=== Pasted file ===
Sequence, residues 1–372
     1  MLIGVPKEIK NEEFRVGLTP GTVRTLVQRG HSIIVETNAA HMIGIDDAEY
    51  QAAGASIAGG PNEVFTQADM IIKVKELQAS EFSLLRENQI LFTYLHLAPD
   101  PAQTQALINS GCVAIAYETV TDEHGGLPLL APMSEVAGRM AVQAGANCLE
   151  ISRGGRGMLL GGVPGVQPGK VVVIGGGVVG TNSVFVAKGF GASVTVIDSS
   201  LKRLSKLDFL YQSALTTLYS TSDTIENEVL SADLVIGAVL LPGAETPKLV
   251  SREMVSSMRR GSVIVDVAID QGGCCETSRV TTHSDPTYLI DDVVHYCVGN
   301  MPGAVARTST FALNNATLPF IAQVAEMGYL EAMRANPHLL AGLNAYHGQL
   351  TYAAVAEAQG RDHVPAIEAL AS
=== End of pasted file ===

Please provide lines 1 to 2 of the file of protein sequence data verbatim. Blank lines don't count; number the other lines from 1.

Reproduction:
Sequence, residues 1–372
     1  MLIGVPKEIK NEEFRVGLTP GTVRTLVQRG HSIIVETNAA HMIGIDDAEY